Wall Street’s trolls
There are anonymous commenters on blogs like mine, and then there are the elite and sophisticated investors invited to join a conference call with Ireland’s finance minister. Which group would you think is better behaved? Silly question, really. It’s not even close:
Mr Lenihan had been speaking for less than two minutes on Friday before a mistake by Citigroup meant that the bank’s clients were all able to be heard on the line.
Between 200 and 500 investors are understood to have been on the call, and as they realized their lines were not muted many began to heckle Mr Lenihan.
Some traders began making what one banker on the call described as “chimp sounds”, while another cried out “dive, dive”. A third man said “short Ireland” before adding “why not short Citi too?”
As the call descended into chaos, with one participant heard to say “this is the worst conference call ever”, Citigroup officials shut down the line.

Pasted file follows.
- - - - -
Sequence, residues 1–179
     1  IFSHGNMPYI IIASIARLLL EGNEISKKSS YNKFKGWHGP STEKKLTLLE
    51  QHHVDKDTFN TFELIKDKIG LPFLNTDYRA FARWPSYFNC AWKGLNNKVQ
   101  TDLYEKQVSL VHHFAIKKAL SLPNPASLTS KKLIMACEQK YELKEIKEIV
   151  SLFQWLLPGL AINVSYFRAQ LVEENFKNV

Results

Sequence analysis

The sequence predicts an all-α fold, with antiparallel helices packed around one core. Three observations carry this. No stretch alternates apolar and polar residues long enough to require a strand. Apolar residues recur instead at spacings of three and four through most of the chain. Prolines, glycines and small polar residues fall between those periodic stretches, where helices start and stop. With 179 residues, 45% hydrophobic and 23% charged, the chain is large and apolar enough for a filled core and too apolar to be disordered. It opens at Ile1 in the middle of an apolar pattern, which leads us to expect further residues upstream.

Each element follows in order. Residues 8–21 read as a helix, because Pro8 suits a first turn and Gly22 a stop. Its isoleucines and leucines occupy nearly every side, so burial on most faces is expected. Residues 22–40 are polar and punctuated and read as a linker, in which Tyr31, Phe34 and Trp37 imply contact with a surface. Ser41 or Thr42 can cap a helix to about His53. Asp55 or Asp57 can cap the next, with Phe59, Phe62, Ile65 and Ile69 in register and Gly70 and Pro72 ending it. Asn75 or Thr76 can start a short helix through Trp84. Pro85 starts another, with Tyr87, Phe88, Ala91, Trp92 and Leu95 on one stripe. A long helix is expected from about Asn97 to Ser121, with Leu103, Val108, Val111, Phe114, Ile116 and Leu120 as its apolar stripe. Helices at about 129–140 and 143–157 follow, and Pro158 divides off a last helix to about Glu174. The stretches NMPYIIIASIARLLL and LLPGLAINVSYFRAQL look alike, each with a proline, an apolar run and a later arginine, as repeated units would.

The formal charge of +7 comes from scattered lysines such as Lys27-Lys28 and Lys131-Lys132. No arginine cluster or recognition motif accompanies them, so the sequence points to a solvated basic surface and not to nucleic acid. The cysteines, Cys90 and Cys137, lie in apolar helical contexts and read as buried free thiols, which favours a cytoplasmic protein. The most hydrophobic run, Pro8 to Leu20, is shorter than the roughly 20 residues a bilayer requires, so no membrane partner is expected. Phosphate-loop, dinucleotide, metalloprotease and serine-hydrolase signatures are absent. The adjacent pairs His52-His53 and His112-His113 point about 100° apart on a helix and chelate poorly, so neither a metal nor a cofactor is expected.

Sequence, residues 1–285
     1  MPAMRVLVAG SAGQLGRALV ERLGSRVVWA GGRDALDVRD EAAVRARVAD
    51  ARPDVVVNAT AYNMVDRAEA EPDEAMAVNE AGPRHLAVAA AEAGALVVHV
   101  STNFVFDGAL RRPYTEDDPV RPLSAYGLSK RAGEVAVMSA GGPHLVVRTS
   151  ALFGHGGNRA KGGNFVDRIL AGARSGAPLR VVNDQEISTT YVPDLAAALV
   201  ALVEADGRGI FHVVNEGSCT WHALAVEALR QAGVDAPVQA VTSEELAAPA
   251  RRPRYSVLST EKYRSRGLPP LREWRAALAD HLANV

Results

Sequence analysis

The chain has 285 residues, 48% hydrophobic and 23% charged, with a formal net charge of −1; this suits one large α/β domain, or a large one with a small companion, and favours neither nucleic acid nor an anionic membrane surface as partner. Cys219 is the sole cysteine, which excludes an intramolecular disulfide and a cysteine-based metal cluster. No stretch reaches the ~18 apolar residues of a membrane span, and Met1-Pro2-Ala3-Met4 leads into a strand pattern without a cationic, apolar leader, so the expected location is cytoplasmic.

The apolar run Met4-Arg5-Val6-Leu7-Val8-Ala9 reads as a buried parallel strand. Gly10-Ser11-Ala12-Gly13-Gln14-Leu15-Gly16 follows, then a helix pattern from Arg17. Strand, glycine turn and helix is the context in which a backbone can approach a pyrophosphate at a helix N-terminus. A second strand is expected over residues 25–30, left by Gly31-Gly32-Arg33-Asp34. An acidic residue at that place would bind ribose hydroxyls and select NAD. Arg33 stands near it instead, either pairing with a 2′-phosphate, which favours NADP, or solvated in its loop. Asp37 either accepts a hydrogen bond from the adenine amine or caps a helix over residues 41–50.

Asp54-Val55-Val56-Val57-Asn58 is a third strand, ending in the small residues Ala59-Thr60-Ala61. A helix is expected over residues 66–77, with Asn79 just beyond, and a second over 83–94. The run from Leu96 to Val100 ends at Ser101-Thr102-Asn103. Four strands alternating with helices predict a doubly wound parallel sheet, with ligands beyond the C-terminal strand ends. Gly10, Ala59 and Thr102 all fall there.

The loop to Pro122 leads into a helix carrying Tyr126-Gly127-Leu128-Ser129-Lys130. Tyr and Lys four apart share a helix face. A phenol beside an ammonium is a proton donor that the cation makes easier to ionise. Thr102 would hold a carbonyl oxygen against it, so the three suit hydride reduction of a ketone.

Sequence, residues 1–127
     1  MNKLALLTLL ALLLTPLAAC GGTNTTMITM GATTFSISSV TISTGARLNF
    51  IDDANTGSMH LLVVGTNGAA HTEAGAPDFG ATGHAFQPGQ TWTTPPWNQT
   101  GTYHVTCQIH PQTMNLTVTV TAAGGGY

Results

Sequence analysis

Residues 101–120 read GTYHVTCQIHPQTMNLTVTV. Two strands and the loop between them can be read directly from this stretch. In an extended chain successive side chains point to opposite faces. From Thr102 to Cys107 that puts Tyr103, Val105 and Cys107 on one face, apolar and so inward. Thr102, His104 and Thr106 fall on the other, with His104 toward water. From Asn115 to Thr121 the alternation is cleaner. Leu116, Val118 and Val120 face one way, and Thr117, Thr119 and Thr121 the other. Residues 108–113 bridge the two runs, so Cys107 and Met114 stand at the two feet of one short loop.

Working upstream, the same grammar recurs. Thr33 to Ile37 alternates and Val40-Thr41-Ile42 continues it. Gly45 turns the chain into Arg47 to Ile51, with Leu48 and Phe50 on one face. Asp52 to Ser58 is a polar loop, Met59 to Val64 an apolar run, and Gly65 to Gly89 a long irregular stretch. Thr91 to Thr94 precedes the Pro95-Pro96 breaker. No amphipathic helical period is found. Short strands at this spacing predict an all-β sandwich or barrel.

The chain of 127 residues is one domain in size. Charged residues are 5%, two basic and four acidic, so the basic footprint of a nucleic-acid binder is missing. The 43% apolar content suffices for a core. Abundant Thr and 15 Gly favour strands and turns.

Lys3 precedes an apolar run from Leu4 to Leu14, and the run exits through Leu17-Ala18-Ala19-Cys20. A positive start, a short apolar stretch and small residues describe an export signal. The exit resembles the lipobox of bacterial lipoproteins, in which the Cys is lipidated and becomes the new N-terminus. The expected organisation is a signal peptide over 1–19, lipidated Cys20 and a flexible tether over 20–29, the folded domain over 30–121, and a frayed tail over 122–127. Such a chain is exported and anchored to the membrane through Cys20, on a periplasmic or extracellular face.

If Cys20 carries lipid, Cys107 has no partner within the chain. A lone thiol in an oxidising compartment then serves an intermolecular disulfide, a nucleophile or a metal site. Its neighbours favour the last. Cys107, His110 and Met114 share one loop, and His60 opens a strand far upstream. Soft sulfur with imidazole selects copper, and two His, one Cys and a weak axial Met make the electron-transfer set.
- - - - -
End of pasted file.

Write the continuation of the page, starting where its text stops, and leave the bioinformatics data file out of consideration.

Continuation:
This says a lot about the effects of anonymity on public behavior, and about the manners of Wall Street types, and about the regard in which the markets hold both Ireland and Citigroup.
But I think it also says something about the way in which even rich and sophisticated investors feel as though they don’t have a voice and aren’t being heard. Remember that the Tea Party started with a rant on CNBC. This is a sign of the times, I think: this kind of fiasco wouldn’t have taken place pre-crisis.
Update: The Irish Times pushes back on this story, quoting spokesmen from the National Treasury Management Agency and the Department of Finance saying that the heckling never happened, and that the Telegraph was sold a line by holders of Anglo Irish Bank’s subordinated debt. The Irish spokespeople might well be right, but so far no one has managed to produce a transcript or recording of the call, which would presumably clear things up.